Tennis turn a terrible time into a brilliant record

Tennis – Swimmer
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4.3

An interview with Tennis, in which Alaina Moore talks about their relationship and newfound love for visual art, appears in Volume 7 available HERE.

Tennis see ‘love’ differently. As a kind of sub-genre in itself, romance music is often a set of contrived stories of wrongdoings and redemptions, one more chances and last chance saloons. Alaina and Patrick’s version, however, involves soul dependency, a “gravitational pull” and a healthy amount of support – yeah, not quite the same JB.

Swimmer, the band’s latest album, follows on from 2017’s Yours, Conditionally – the song ‘Matrimony II’ literally being a sequel to ‘Matrimony’. 

Swimmer was written during the hardest period of Alaina and Patrick’s life and relationship; Patrick recently lost his father, and Alaina was hospitalized last year. The album explores several subjects; womanhood, grief and Alaina’s collapse; and though ‘love’ is an everpresent concept in the writing, the way it’s mentioned here is different to your average chart-hitting pop ballad.

Here, Alaina and Patrick write from a perspective of support. Due to the difficulties they’ve faced, each other most likely became a pillar of normality and stability in an otherwise shite time. And, as a result, the songs on Swimmer, whether directly a ballad or not, are in some degree an experience in which the pair have faced adversity and had to work through it, together.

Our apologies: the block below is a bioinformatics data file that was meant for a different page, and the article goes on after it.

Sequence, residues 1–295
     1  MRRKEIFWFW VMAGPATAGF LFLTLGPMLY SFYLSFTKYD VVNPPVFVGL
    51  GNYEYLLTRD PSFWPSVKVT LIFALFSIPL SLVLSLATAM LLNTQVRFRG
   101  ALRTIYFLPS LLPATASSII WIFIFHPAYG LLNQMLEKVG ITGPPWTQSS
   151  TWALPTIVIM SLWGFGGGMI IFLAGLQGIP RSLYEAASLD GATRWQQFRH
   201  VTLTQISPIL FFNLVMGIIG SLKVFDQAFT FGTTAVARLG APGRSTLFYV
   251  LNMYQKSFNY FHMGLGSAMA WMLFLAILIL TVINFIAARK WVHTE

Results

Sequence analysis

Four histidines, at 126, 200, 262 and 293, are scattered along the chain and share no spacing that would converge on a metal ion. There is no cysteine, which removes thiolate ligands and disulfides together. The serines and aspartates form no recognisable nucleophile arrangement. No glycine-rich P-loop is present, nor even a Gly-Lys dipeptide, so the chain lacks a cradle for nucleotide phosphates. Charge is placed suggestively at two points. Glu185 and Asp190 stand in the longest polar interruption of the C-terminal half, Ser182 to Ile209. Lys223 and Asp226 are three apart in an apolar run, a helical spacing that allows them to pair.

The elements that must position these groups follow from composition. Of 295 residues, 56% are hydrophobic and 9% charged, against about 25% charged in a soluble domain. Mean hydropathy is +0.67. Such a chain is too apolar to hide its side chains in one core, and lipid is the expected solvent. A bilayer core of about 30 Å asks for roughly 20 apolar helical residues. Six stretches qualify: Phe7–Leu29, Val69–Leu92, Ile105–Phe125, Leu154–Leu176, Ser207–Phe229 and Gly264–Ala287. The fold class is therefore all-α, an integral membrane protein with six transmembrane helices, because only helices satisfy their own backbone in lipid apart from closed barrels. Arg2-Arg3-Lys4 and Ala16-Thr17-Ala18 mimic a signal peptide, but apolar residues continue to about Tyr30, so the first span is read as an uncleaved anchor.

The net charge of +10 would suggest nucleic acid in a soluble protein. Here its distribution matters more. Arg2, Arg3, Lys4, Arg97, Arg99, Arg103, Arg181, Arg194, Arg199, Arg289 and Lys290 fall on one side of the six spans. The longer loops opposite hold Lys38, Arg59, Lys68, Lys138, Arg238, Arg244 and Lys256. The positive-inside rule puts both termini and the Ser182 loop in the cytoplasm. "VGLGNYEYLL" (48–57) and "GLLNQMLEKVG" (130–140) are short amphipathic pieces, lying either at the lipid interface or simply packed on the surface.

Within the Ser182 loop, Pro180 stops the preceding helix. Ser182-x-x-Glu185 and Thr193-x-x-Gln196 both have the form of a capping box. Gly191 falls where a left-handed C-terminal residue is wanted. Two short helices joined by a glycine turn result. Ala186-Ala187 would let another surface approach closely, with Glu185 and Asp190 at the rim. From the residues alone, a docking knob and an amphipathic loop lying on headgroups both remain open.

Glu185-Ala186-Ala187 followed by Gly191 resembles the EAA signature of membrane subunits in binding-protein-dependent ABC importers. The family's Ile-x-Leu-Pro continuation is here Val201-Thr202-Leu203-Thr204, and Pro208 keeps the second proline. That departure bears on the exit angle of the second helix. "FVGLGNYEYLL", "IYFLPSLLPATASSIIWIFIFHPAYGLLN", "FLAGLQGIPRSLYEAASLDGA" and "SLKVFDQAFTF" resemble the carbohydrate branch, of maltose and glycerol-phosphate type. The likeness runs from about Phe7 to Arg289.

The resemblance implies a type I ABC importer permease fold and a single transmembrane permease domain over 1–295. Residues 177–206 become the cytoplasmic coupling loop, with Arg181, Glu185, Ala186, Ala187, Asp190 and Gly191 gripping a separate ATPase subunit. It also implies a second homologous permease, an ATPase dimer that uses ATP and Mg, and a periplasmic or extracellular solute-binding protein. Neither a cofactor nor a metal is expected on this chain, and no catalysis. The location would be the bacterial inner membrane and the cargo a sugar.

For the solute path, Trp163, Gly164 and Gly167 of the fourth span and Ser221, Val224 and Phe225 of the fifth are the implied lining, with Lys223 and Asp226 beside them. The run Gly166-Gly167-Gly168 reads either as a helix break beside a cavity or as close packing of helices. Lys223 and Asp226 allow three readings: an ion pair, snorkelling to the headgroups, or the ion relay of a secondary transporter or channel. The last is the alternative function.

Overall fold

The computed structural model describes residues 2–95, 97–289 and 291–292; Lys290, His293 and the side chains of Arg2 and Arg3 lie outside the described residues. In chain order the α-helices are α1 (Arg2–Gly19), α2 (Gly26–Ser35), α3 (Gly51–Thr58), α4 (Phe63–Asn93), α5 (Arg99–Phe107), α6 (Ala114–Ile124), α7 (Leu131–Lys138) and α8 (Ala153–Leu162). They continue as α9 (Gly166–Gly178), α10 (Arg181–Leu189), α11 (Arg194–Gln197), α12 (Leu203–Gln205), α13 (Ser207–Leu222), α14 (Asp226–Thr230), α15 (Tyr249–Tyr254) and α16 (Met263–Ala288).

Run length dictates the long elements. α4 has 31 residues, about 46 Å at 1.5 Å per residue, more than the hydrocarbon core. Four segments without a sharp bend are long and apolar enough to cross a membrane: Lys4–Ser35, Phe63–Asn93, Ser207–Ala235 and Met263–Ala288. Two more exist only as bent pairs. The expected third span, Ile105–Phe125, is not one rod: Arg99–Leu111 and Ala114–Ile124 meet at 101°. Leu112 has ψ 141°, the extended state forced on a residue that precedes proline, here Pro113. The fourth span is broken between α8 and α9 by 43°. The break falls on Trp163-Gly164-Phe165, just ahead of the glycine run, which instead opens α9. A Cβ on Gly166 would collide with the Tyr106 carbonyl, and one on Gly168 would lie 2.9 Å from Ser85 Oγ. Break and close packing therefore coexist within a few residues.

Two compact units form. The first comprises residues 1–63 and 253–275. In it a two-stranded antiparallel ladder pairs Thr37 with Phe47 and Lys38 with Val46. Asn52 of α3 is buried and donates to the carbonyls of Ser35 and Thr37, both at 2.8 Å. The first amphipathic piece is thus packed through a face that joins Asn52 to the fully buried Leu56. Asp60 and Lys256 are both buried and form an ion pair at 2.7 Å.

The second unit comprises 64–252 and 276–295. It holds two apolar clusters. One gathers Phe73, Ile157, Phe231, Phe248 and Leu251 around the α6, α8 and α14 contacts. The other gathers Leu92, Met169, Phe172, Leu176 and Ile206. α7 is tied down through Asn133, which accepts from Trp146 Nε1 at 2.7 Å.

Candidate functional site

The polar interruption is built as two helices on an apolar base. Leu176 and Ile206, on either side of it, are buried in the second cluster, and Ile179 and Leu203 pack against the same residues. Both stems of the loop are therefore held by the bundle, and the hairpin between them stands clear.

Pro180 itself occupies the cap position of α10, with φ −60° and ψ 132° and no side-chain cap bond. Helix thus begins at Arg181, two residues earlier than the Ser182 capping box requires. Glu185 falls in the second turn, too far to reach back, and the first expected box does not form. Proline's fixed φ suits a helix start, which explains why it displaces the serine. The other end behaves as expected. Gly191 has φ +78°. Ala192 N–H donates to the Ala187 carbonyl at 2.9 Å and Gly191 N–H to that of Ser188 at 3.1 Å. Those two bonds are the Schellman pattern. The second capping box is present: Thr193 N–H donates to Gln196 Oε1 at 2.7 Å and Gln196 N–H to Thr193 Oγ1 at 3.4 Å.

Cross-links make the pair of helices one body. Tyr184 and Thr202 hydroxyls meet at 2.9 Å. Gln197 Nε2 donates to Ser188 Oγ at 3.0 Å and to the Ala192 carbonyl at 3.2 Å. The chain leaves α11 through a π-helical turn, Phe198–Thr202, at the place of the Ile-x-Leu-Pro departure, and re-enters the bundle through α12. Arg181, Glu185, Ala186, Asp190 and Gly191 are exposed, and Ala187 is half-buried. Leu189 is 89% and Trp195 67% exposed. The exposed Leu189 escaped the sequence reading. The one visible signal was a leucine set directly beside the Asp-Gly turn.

Not shying away from the sadness, Tennis create something intensely intimate. I’ve always thought music can make you feel emotions you’ve never experienced before; like walking in someone else’s shoes for a day, you can figuratively feel someone else’s emotions. And, listening to Swimmer you empathize with both the darkness and the light Alaina and Patrick must have felt. 

Overall, the record is more confident in its emotions, laying out the reality of the last year in an unabashed manner; ‘Swimmer’ is about scattering Riley’s father’s ashes in the sea, and ‘Echoes’ is about Alaina’s hospitalization. But, though there are moments of sadness on the record, there are also moments of pureness where their relationship triumphs against the odds like the sun rising after a stormy night. 

In volume 7, I talked to Alaina about how the pair work together, overcoming difficulties in their writing process by respecting each other’s right to say ‘no’. They have a unique egalitarian approach to everything they do, and, as a band, they prioritise each other over their music, making sure both take time out, go to therapy etc. when necessary.

Swimmer is also more sonically confident than it’s predecessor. The overall production is diverse and colourful – despite the darker topics – and accomplishes something that marries the pair’s already well-established character with something new, fresh and positive. 

Synths and various electronic elements slip into the mix; bringing a more light-filled, modern sound to stand out track,‘Runner’, for example – an excellent, sporadic and masterful single that playfully and rhythmically sets god to 80s synth. And, Melodically, Alaina and Patrick are on form. Alaina’s vocals – somewhere between Kate Bush and Judee Sill – are excellent, consistently rising above the mix in an air-filled vibrato, while Pat echoes Alaina, using vibrato and chorus on his lead lines creating a powerful combo – see ‘Tender As A Tomb’.

It’s clear that the series of unfortunate events that led to this record have created a formative turning point for Alaina and Patrick. Through all the pain, anger and sadness, together they have created something excellent, something that people can enjoy; an ornate bookend on a traumatic time.

Haiku Review:
Where does the time go?
It’s lost when we are at sea,
Between tides and waves,

Read an interview with Alaina Moore, half of Tennis, in Volume 7 of our print magazine HERE. She appears alongside the likes of Soccer Mommy, the grammy-nominated Black Pumas and Alfie Templeman.